Home Forums General Discussion Forum IMAGE VS. REALITY

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    david pierce

      When anybody jumps into this, especially me, they have an image of an old world craftsman with wire frame glasses, a watch lathe, graver, and a green visor cap working in a Swiss watch factory turning out beatuiful handcrafted watch parts. This is simply not the truth. I received my reality check at a Chicago Tool Show in the 1990s. I watched a Swiss (TRAUB) CNC machine spitting out watch pivots at a rate of about one every three seconds. The pivots started out as a huge roll of wire (probably 1000 pounds or more) feeding into a feeder/straightener and then into the back of the lathe. The lathe itself was about the size of a Volkswagon car and weighed several thousand pounds. The finished pivots dropped into a small basket in the front of the machine. At that time in my life I was too busy with my job to think about watches but that experience always stuck in the back of my mind. Now that i am more involved with watches I carry this and other manufacturing thoughts and experiences, from my past, with me when I look at these issues. My thoughts now are completely in line with the way the watch factories of today are set up and run. If you go to Youtube and watch the inside of these factories such as PATIT FILIPE, ROLEX, VACHRON and so on you will see equipment that is definately not in step with the traditional image that I once had but not longer hold. In case anyone ever wondered why my opinions run contrary to the existing traditionally held opinions that is, at least, partially why. The technology that I used and still use came from many years of study, school, seminars, on the job experience and may or may not apply to others and the methods they feel comfortable with. I do not feel that there is a right or wrong way to make these parts but I do know that my way is also the way the modern watch factories have gone. In the end it is you who is going to buy a piece of equipment to fit your skill and comfort zone and you must make the decision to work within a sphere of technology that you are comfortable with.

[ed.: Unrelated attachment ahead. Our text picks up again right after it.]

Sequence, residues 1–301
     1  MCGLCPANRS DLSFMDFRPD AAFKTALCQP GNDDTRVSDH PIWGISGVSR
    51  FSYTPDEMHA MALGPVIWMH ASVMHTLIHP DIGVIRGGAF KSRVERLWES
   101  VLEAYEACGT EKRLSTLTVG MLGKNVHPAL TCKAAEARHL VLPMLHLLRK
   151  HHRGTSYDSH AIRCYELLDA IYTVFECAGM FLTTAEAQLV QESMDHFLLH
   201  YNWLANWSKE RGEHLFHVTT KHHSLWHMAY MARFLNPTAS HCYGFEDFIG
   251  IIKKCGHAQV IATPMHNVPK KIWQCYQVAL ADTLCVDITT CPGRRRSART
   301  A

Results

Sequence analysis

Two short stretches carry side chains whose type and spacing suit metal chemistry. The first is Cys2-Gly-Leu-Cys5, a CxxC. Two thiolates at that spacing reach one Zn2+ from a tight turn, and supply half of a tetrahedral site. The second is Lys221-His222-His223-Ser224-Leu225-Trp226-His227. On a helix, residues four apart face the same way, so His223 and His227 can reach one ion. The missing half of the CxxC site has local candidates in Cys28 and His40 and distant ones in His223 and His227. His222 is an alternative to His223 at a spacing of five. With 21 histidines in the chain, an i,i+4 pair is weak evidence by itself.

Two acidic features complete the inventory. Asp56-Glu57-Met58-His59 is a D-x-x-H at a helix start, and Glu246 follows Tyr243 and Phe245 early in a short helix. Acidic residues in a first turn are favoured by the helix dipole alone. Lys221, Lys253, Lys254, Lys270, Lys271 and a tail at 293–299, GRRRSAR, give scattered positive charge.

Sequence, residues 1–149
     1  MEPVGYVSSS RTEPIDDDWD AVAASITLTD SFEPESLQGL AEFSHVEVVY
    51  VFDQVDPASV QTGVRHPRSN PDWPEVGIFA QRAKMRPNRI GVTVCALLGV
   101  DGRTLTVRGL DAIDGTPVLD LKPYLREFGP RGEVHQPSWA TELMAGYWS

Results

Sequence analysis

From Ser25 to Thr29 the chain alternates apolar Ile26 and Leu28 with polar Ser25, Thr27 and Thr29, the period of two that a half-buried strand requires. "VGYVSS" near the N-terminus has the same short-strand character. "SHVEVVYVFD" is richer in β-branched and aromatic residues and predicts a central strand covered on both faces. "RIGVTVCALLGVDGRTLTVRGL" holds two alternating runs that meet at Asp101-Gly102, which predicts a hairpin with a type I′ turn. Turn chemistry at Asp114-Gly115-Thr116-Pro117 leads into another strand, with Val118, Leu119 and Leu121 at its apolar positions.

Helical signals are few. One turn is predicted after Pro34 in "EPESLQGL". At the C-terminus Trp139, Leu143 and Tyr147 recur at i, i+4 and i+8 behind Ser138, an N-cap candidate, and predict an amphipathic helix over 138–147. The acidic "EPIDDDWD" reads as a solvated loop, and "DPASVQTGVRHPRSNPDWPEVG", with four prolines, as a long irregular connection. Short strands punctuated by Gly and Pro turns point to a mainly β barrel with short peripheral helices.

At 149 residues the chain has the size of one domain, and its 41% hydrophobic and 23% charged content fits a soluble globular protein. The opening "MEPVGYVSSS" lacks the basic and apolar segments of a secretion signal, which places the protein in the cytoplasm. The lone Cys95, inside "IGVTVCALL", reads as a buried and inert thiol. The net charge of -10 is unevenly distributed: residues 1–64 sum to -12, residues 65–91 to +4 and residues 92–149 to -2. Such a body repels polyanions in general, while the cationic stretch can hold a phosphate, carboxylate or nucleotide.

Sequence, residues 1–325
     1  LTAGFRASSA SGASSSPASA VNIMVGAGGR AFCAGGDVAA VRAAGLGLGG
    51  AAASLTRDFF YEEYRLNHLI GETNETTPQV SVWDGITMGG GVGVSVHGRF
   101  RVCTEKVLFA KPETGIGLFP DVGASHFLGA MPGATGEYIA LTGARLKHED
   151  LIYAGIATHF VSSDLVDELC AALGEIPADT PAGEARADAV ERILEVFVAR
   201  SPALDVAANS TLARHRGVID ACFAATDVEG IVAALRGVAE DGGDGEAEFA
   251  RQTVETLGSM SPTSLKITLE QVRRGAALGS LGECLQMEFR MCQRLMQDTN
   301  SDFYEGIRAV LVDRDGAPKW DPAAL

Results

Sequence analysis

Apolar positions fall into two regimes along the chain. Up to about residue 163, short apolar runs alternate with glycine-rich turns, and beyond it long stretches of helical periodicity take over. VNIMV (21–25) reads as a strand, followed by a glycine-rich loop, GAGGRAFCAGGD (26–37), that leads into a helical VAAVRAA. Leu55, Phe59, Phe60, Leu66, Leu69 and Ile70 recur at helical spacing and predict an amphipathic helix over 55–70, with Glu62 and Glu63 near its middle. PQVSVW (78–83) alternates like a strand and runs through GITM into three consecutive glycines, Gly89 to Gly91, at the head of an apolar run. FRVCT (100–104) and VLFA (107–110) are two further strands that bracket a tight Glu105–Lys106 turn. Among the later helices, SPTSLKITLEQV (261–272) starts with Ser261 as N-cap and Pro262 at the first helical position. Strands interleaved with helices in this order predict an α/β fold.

A very good post David and very true. I think there is a common disease that affects a lot of people when being trained in anything and it is “blinkered disease”. Once you have been taught a specific way to do something and you get used to doing it that way it then becomes difficult for some people to understand or believe that there is a different or possibly better way to do something. It might mean learning new skills to do that thing differently so if you can already do it one way what is the advantage of learning another skill to be able to do it another way?
        I know that when new customers come to me they look a little confused because I am not in my seventies, I dont wear a tweed waistcoat and I think it makes them a little nervous.That image is way out of date but that is how the public will always see us :(


          Great post David, and of course if any craft is going to flourish, it has to embrace old and new methods. Many if not all of the U.S. factories from the turn of the century until their demise used complex machinery to produce staffs/pivots, etc. Some I’m sure went through hand finishing/fitting operations but were overall massed produced.
          I’m in awe of your machining knowledge BTW !!!

          I have small bedroom, and no option for a large lathe, so for me, part of the equation it’s about what fits my shop. I’m also a romantic on many different fronts, traditional martial arts, jazz musician, etc., so hand crafting parts just falls in line with my approach to other passions.
          And my business is slow ( my choice ),so I have more time than some here, to invest in old manufacturing methods that require more time ?

          How on earth is anyone going to take you seriously if you aren’t wearing a waistcoat fitted with a fine timepiece ??
          George Daniels would openly chastise you sir ! ;)

          All the best gentlemen,..